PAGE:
It’s no secret that newer (and older) users on the SE network don’t really like being downvoted. There are tons of Meta posts about how someone being downvoted made them feel unwelcome, or how they perceived the downvote(s) as a personal attack. Of course, we could just become YouTube and essentially get rid of downvotes, but that would make it difficult to curate content, since everything would have a score of at least 0.
A big problem with downvotes on the SE network is that they’re used to signal so many different things. There could be any number of reasons someone downvoted:
- Clarity issues
- Someone’s having a bad day
- Obvious duplicates
- etc etc etc
When you see ambiguous negative feedback, it’s easy to think, “oh, they must not like me.” The curators know that’s not the case, but the person asking the question might not. Contextual tutorials would help with this problem, but I think it’s possible to go further.
Instead of a single downvote function, what about something more granular? I can think of a few possible scenarios:
Have flags and close-votes count as negative feedback, and let the author see which reasons have been selected. There might need to be separate weights for flags and CVs.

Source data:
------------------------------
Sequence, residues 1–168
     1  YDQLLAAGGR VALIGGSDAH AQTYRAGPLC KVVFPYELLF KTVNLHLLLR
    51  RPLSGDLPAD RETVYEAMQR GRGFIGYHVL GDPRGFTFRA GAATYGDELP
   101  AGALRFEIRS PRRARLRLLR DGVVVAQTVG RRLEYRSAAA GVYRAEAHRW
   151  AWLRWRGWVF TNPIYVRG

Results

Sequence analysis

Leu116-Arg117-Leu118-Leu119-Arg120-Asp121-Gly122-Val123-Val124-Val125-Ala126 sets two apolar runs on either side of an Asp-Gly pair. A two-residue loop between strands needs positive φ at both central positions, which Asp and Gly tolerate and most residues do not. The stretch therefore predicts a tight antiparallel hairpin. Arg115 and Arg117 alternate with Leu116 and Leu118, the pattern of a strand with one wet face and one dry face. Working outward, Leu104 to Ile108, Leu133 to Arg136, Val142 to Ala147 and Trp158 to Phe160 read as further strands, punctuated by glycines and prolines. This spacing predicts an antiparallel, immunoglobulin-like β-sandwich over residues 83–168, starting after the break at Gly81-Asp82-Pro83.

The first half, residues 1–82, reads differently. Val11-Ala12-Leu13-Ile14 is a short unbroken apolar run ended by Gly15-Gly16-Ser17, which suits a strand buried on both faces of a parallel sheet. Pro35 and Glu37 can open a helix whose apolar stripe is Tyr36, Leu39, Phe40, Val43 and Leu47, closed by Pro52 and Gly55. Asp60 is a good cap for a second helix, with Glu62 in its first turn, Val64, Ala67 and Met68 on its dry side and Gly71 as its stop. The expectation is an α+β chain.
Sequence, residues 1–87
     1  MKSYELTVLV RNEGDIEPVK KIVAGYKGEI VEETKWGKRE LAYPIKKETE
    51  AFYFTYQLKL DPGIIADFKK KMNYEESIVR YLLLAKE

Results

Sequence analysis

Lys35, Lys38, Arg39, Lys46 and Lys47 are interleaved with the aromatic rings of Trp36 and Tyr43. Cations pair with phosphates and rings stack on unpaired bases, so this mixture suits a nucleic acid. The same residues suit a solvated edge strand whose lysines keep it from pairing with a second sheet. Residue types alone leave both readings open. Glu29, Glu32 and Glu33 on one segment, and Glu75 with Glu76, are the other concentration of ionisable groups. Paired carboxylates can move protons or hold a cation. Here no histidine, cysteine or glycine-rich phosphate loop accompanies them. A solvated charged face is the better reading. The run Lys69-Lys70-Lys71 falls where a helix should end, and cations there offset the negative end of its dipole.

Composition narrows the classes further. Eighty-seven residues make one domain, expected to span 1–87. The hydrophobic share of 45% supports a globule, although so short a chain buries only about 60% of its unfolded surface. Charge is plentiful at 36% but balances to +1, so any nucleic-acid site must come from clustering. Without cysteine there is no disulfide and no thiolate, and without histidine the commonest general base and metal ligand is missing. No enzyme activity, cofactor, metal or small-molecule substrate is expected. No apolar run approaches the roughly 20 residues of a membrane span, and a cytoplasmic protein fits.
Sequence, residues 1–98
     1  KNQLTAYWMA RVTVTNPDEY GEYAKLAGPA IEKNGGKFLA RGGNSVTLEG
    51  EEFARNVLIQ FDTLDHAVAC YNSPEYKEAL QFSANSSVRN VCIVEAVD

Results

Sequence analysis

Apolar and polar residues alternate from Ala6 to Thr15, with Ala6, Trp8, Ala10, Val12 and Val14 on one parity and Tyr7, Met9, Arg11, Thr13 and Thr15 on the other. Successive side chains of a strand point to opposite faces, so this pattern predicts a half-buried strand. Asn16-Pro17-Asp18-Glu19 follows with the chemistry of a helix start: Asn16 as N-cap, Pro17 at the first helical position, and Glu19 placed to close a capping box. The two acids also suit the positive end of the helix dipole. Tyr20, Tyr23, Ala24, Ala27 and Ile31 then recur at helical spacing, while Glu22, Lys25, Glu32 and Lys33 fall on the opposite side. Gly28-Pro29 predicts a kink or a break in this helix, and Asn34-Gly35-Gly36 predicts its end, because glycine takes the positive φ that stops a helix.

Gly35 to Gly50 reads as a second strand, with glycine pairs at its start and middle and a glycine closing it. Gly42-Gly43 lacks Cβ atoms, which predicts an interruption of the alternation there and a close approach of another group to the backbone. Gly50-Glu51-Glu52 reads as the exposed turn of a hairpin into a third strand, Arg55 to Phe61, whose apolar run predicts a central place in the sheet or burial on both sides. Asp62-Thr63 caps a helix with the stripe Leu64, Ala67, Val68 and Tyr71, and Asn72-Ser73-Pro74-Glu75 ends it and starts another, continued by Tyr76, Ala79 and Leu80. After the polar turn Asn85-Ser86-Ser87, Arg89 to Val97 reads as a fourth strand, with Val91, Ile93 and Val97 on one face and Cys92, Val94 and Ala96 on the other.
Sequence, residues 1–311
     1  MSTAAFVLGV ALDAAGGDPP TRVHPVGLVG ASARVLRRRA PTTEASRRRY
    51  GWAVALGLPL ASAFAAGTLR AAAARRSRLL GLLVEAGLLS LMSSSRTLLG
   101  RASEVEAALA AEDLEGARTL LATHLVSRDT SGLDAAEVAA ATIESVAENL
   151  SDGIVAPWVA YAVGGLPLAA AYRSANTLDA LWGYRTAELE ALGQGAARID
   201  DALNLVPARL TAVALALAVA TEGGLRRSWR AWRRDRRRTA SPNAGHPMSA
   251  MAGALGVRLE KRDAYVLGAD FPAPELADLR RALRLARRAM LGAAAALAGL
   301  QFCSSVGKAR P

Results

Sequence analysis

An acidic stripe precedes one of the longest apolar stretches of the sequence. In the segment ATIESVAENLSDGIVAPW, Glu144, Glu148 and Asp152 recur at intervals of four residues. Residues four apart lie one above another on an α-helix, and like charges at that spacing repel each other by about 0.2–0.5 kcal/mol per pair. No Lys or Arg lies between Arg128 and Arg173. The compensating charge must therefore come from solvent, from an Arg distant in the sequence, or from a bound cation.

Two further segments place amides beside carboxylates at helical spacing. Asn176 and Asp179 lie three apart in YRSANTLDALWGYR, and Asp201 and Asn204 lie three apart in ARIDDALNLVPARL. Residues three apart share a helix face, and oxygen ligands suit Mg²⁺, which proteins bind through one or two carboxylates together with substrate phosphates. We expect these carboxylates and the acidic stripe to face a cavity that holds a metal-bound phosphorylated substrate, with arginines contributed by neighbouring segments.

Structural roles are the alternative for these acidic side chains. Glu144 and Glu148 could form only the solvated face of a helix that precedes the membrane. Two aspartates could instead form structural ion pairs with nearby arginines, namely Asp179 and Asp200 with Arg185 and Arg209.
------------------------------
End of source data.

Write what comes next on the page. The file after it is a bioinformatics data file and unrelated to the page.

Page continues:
Have a pop-up when downvoting, asking the downvoter to specify roughly why they downvoted. Maybe a list similar to the CV reasons, with the option of entering a custom reason or just not leaving any specific feedback at all.
Instead of a single downvote arrow, have different negative feedback buttons. This is basically just a variant of the second scenario, with more buttons instead of a popup. Each version is still negative, but it’s more specific than an all-encompassing downvote.
Obviously, all of these scenarios have their issues. With the first one, there could be problems if someone wants to both upvote and close (a good duplicate, for instance). With the second and third, it adds more clicks to the process.
I personally think the general idea if better than a normal downvote, though. Getting more specific feedback on the votes (without removing anonymity) means the post author knows roughly what they need to do to improve their post. It also specifies that the vote isn’t about them personally, but about their post.
How could these be improved? Are they better or worse than a simple downvote?